I don’t think I have any particular literary heroes in the traditional sense as I enjoy books in most genres. Perhaps we could invite some Indie authors who manage to write and publish a book whilst running a home, working full time, raising their family, looking after elderly relatives etc. Their commitment makes them literary heroes in my eyes.

Do you have favourite place to have a summer picnic?

Anywhere it’s not raining.

Do you have a summer music playlist? And if so will you share with us a favourite song or piece of music that makes you feel happy?

My musical tastes tend to be rather old fashioned. I love Rock and Roll, 60s and 70s music and ‘pop.’ Happy by Pharrell Williams always makes me smile.

Which summer read are you bringing with you today?

I might bring my own book, ‘Summer Changes’ to remind me of the story before I start work on the sequel, or I might just choose a light, easy to read romance so I can relax.

When you are writing do you still find time to read for pleasure? And is there a book you would like to read but haven’t had time for …yet!

I never have as much time to read as I would like, but I try to fit in half an hour most nights before I sleep. There are usually two or three paperbacks plus several on my Kindle waiting their turn, so it’s a constantly changing scenario.

Where do you find the inspiration for your novels?

Everywhere. ‘Summer Changes’ was based on personal experiences when I first visited Malta, ‘Country Boy’ was an amalgamation of several real-life people, ‘ABC Destiny’ was from the alphabet, and ‘Spirit of Technology’ from when my computer was playing up. Some of my other books are short stories, and I have around a hundred mini files with perhaps a title and an idea waiting to be written.

Have you a favourite place to settle down to write and do you find it easier to write in winter or summer?

I usually write in my office, which is where I have my desk, laptop and books set up. It looks out through the conservatory to the garden so the best of both worlds. It’s probably slightly easier to write in winter when it’s dark out and there are less distractions, otherwise I get involved watching the birds, foxes and other wildlife.

When writing to a deadline are you easily distracted and if so how do you bring back focus on your writing?

To a certain extent I set my own deadlines so I can be flexible. I keep an online diary which covers everything from writing, a reminder of a programme to watch or even an event in a friend’s life. When I’ve seen the same note too many times, or used cut and paste to carry it forward too often, it forces me get it done so I can look at something new.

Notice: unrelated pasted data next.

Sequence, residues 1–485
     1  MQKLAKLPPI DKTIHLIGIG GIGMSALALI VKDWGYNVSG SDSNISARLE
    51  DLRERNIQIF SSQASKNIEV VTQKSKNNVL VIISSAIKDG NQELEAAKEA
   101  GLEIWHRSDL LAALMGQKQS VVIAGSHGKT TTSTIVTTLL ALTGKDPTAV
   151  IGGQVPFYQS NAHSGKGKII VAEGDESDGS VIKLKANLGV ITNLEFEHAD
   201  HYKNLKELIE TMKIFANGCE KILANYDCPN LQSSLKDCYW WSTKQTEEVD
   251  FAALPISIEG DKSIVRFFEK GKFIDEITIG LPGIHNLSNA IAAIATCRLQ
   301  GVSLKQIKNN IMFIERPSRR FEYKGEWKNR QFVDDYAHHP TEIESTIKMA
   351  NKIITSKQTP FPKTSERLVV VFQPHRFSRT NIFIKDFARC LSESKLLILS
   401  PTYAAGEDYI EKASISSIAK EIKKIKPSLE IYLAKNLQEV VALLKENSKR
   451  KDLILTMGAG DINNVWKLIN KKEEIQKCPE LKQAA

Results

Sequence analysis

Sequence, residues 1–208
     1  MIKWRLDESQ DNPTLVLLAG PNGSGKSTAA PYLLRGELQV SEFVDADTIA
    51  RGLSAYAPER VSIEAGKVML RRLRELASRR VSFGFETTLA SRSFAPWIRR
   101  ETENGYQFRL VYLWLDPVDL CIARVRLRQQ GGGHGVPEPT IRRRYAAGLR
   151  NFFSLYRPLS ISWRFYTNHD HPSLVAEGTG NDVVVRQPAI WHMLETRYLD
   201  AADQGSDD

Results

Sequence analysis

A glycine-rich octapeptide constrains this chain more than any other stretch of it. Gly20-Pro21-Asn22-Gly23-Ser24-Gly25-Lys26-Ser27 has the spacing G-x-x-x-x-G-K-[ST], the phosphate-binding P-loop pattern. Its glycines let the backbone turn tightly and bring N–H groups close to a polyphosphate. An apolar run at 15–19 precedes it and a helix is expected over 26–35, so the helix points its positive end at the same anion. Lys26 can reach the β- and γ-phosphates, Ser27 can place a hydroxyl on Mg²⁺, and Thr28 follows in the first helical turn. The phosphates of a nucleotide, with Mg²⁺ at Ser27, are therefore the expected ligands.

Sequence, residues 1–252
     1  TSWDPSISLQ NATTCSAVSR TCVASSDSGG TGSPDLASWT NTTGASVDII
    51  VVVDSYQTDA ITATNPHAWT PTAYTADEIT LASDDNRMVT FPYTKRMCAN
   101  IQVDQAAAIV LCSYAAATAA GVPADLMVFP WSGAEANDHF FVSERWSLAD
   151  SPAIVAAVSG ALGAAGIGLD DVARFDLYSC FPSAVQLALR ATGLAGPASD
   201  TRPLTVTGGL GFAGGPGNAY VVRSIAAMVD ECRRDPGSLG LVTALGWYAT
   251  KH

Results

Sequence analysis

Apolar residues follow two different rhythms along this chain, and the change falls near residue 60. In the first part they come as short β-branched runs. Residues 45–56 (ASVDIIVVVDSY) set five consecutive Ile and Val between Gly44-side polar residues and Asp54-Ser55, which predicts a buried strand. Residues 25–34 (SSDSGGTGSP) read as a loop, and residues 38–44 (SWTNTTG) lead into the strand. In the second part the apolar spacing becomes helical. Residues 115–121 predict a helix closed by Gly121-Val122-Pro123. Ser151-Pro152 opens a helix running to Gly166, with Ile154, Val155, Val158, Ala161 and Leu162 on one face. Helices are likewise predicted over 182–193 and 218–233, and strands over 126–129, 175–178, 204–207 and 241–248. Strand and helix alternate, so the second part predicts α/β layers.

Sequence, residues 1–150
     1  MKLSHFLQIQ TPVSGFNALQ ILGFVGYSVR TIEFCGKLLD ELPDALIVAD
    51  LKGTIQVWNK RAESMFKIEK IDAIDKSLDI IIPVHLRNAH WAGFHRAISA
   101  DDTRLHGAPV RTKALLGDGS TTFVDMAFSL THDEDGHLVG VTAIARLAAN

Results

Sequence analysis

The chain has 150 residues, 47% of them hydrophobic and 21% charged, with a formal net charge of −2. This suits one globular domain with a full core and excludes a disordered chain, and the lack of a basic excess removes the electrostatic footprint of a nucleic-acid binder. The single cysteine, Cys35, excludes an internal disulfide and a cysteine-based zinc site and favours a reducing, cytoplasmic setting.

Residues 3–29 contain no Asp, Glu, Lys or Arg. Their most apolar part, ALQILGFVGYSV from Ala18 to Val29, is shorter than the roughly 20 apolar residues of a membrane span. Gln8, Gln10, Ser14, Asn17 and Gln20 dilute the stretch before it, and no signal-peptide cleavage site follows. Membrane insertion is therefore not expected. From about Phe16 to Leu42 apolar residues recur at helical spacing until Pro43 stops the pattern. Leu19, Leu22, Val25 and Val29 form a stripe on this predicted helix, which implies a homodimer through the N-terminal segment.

Give us four essential items that a writer needs?

Hope, patience, supportive friends and a stubborn streak; by that I mean the determination to never give up. I was going to say strong liquor but that would be five.

That spritzer was rather nice. Would it be greedy to ask for another one?

What can you tell us about your latest novel or your current work in progress?

I started writing ‘Alderslay’ many years ago, had it edited, wrote other books in between, revised it, changed it, gave it a new title and finally had it published. It was originally inspired by a report in a local newspaper item about transport links, and somehow turned into a mystery/horror involving a house in need of renovation.

My work in progress was intended as a follow-up to ‘Story of a Country Boy’ from a different generation’s outlook. It was supposed to have been finished by the beginning of the year but hopefully will be nearly completed by the time we have our picnic.

More About Val

Val became an author around the age of nine when she received her first rejection letter from a well-known women’s magazine. Undeterred, she carried on writing for friends and family until a freak accident left her house-bound and going stir-crazy.

To save her sanity she put fingers to laptop resulting in her first novel being traditionally published in 2013. A second book through different publishers increased her knowledge of how things work and she turned Indie, migrating from her original pen name of ‘Voinks’ along the way.

She writes in various genres, although the weekly short stories published on her Facebook author page often include her trademark twist of ‘Quirky.’

Reviews for her books are always appreciated, as they help buy food for the Unicorns she breeds in her spare time.


Val, where can we find you on Social media?

Facebook page





Val, thank you for sharing your summer picnic with us today.

Thanks for your company, the food, the drink and the chance to chat. I think I’ve caught a tan while we’ve been enjoying our picnic in the sunshine.

Follow us on Twitter @jaffareadstoo #SummerPicnicwithJaffareadstoo